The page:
Metabolism, Nutrition, & Health Decision Making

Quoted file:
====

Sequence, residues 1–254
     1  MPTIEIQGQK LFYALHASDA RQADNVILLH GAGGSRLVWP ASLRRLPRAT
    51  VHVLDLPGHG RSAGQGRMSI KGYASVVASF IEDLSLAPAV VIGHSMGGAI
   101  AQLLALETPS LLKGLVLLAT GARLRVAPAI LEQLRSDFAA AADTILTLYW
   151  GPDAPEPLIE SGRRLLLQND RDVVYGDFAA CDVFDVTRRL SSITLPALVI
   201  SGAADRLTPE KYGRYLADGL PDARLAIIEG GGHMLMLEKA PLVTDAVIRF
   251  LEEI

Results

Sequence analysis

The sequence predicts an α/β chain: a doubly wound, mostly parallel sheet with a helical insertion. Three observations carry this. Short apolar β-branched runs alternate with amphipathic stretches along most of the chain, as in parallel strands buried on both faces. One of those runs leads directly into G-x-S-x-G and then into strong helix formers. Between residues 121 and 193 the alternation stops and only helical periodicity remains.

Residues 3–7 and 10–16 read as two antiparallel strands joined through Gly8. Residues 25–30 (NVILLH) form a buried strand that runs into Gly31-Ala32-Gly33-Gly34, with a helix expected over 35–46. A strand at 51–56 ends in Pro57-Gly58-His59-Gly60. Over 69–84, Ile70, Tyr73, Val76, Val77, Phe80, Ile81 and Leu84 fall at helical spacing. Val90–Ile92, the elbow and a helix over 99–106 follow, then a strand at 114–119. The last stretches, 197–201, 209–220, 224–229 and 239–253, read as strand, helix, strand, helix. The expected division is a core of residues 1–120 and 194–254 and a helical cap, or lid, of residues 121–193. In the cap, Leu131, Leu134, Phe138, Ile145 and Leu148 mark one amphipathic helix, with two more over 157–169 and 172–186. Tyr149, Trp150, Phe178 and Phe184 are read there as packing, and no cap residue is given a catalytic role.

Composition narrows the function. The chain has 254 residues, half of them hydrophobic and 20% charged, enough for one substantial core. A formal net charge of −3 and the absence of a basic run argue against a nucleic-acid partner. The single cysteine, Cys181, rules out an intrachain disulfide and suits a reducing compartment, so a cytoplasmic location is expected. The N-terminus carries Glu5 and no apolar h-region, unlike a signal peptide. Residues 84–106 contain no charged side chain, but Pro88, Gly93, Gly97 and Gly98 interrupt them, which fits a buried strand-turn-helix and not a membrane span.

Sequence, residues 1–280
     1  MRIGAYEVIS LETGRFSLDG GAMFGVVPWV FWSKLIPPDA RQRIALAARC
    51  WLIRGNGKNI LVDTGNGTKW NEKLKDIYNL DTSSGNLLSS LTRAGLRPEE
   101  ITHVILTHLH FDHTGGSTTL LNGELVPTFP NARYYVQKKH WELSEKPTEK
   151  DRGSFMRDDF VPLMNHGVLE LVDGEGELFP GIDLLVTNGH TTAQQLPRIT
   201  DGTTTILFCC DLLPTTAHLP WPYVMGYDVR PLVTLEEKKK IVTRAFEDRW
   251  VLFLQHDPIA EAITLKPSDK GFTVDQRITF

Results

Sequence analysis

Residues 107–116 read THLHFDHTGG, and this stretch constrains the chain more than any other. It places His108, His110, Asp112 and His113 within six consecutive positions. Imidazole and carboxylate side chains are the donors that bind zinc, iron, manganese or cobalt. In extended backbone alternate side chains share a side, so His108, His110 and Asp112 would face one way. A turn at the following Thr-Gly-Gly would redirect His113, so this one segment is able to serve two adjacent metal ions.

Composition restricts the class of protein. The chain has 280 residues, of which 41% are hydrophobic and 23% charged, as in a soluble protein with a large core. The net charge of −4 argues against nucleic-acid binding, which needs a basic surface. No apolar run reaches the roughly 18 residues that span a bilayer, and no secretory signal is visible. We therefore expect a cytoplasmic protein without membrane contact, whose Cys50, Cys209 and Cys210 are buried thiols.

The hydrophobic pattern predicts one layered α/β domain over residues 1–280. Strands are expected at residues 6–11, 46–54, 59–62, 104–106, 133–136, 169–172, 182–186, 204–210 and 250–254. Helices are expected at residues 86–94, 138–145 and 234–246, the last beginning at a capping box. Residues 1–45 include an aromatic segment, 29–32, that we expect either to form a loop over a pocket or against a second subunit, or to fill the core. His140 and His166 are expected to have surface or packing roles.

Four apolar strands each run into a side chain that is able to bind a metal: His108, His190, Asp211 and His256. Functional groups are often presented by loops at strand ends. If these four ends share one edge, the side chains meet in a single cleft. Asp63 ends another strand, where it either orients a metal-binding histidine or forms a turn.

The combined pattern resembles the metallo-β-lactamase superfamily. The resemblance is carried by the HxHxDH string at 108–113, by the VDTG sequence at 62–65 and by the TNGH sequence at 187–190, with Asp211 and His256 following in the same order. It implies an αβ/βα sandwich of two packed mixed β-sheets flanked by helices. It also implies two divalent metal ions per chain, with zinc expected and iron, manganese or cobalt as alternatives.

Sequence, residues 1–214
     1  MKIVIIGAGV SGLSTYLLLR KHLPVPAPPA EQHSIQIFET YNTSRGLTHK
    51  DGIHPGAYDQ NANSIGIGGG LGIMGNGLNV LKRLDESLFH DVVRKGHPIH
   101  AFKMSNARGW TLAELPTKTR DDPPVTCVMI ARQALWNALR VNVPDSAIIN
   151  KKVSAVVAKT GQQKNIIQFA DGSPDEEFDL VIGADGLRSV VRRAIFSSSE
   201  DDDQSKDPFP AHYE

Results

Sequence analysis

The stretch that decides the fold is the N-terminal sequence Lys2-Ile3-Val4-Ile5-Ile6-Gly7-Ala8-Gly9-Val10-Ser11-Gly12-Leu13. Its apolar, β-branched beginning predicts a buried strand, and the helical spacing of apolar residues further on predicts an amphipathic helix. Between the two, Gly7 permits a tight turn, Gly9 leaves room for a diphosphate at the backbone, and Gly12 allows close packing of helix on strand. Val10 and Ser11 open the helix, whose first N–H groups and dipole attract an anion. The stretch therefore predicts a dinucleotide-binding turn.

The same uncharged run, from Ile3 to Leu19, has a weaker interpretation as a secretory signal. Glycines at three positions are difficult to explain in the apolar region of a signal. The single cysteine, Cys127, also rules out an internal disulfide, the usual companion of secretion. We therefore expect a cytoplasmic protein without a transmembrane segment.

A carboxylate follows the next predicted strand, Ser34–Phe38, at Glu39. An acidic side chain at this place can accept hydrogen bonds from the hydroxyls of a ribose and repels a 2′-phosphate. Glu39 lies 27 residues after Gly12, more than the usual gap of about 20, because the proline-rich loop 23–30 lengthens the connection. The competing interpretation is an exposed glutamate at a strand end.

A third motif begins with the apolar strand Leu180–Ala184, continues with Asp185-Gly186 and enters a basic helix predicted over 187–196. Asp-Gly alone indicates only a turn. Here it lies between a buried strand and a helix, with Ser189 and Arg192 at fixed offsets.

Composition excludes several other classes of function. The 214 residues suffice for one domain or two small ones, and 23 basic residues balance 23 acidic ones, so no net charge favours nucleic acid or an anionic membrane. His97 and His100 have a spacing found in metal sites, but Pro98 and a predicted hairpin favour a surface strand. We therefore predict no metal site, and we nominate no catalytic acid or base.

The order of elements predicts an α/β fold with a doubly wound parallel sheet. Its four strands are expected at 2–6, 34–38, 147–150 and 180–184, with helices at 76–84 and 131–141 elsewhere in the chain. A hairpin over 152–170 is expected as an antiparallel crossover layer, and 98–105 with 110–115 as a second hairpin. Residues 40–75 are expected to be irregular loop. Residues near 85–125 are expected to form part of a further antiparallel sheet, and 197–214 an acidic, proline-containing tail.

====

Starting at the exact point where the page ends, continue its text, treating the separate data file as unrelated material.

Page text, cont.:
In Chapter 4, Sapolsky (2004) yet again explains a complicated process in the simplest way. Specifically, he uses an analogy to describe how our bodies work throughout the chapter, but what I liked most from this read was his discussion of both juvenile and adult diabetes. As an undergraduate, I worked in a behavioral neuroscience laboratory where we focused on understanding the neural mechanisms that mediate addiction to drugs of abuse, such as nicotine. We wanted to uncover why close to 20% of diabetic individuals continue to smoke and have a harder time staying smoke-free when trying to stop. To answer this question, we injected rats with a drug called Streptozotocin (STZ). In humans, this drug is used to treat pancreatic cancer, but in rats, can destroy the insulin-producing beta cells in the pancreas to stop the production of insulin altogether. While I was reading the chapter, it reminded me that when we would explain our research in posters/publications we would always state that using STZ to induce diabetes was modeling Type 1 diabetes or an advanced form of Type 2 diabetes. As an undergrad, I just nodded my head in agreement, but it was not until reading Sapolsky’s article (sadly, I guess) that I understood what this phrase meant. Type 1 insulin-dependent diabetes is pretty easy to understand. Your body attacks the insulin-producing cells in the pancreas, which is pretty much what STZ does, but what I did not know was that in an individual with type 2 diabetes can go on to develop Type 1 diabetes because of all the damage they put their pancreas through. In the end, our study found that diabetic rats showed enhanced rewarding effects from nicotine and enhanced withdrawal effects from the drug. Thus, it may be that humans who are diabetic and who smoke are finding cigarettes more rewarding and when trying to quit smoking, have enhanced withdrawal effects to the drug as well. While this information was rewarding because we may have found the underlying mechanisms mediating diabetic smokers behaviors, we still need to find a way to encourage these individuals to quit smoking. The review article by Magnan, Shorey Fennell, and Brady (2017) may help us in doing so. In their article, they describe different social cognitive models of health behaviors and introduce cognitive-based models that describe how different individuals would react in certain situations. I wonder whether one of these models would be better than the other in deterring diabetic smokers to change their smoking behavior. My gut is leaning me towards the Social Cognitive Theory proposed by Bandura because it emphasizes an interaction between the individual and the environment (Magnan, Shorey Fennell, & Brady, 2017). Back in the 1950’s everyone smoked. They smoked in buildings including schools, offices, you name it. Today, because of the damaging effects of smoking cigarettes, no one smokes. I’ve heard some people say even smelling smoke is revolting to them. Additionally, many places do not let you smoke even close to their building. Because of these perceived personal, social, and environmental obstacles, I feel as though this model would push such individuals to change their smoking habits.